Feds: No plans for fewer SW border agents

But US still seeks reinforcements on Canadian line
2009-09-26T00:00:00Z Feds: No plans for fewer SW border agentsBy Brady McCombs Arizona Daily Star Arizona Daily Star
September 26, 2009 12:00 am  • 

There'll be no decrease in the number of U.S. Border Patrol agents on the Southwest border when the new fiscal year starts next week, but the Department of Homeland Security acknowledged that it is trying to add agents along the border with Canada.

Homeland Security hopes to increase the number of agents on the nearly 4,000 miles of U.S.-Canada border in the coming years but will not sacrifice security along the Southwest border with Mexico to get there, said Matt Chandler, acting deputy press secretary for the Department of Homeland Security.

"Our duty is to execute the mission at both borders," Chandler said. "It's important to national security at both borders."

The number of agents on the Southwest border — 17,415 currently — will not decrease even as the agency continues to add agents to the northern border, Chandler said.

Several media outlets reported that 384 agents would be moved to the border with Canada at the beginning of fiscal year 2010, which starts Thursday. But Chandler said those reports are inaccurate and don't reflect the most current information.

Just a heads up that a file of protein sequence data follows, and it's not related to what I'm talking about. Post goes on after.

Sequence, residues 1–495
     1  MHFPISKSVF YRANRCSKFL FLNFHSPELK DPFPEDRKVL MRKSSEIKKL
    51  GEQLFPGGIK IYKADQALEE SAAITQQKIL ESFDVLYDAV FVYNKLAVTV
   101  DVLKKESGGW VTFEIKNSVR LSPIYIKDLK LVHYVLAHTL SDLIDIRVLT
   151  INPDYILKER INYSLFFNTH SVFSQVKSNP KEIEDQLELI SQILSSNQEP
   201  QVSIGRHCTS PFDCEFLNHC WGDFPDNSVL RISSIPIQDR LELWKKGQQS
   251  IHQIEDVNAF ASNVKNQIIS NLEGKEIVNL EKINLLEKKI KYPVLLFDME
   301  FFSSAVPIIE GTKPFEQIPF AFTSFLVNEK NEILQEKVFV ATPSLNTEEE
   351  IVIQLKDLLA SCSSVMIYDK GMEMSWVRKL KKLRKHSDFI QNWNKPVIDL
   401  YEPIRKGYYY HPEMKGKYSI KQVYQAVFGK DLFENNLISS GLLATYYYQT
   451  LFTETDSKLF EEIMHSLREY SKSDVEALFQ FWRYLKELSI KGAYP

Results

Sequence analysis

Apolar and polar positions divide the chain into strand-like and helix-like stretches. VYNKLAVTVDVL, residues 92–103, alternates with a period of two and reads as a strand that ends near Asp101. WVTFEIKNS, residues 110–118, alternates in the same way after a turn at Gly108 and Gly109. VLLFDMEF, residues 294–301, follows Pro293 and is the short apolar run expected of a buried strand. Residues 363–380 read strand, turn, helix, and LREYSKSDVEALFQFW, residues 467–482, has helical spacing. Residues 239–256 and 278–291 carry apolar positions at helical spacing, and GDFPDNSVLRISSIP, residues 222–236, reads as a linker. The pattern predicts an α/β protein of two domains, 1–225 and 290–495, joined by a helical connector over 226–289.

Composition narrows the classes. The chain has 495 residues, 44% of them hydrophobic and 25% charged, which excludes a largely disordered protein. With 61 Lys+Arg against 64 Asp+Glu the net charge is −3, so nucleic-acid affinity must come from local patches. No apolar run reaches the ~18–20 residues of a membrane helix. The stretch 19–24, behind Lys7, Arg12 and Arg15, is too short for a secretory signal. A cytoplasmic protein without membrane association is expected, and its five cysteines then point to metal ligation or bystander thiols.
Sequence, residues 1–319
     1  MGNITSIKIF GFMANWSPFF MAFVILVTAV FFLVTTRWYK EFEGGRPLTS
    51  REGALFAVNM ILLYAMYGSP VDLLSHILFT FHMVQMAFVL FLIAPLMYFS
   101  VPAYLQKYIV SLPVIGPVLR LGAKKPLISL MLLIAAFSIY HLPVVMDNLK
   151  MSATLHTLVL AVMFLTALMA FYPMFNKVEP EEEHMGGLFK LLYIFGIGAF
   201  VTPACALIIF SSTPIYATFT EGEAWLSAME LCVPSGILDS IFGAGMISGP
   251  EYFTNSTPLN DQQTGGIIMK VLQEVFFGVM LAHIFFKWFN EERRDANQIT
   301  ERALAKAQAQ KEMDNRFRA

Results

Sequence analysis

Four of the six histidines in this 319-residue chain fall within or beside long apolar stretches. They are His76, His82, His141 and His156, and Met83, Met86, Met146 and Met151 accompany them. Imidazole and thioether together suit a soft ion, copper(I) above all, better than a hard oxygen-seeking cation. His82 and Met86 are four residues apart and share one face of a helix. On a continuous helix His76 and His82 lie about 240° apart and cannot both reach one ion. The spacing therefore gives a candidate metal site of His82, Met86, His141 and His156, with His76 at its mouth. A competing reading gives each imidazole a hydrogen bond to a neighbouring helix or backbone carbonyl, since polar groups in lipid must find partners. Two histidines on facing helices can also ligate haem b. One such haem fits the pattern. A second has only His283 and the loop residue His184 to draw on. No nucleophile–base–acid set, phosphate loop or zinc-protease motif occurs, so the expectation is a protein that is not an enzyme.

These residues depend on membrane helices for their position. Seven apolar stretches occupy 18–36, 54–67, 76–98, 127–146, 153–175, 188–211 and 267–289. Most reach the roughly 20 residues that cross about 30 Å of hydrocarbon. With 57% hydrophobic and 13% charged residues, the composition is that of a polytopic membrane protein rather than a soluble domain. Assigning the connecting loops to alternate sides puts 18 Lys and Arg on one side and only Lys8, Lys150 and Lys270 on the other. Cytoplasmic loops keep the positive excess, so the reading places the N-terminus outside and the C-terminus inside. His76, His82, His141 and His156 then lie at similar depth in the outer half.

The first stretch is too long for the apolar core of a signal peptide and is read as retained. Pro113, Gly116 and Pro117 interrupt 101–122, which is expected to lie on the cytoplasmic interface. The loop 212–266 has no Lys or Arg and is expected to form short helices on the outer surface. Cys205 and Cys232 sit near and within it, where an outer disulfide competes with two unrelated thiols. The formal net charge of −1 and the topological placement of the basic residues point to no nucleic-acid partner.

Chandler said the report comes from a budgetary document that didn't take into account recent deployments to the Southwest border.

There are currently 1,881 Border Patrol agents on the northern border. Homeland Security has set a goal of having 2,212 by the end of fiscal year 2010, Chandler said.

The Border Patrol's ranks have increased exponentially in recent years, from about 12,000 agents in 2006 to about 19,000 in 2009, a Government Accountability Office report shows.

The U.S.-Canadian border is the longest undefended border in the world, according to a 2008 GAO report. Recommendations from the 9/11 Act of 2007 required that the secretary of homeland security submit a report to Congress to address the vulnerabilities along the northern border.

That report, delivered to Congress in February 2008, did not fully meet legislative requirements, the GAO report shows. While the report identified vulnerabilities and initiatives to address them, it did not include the resources needed.

Contact reporter Brady McCombs at 573-4213 or bmccombs@azstarnet.com

Copyright 2014 Arizona Daily Star. All rights reserved. This material may not be published, broadcast, rewritten or redistributed.


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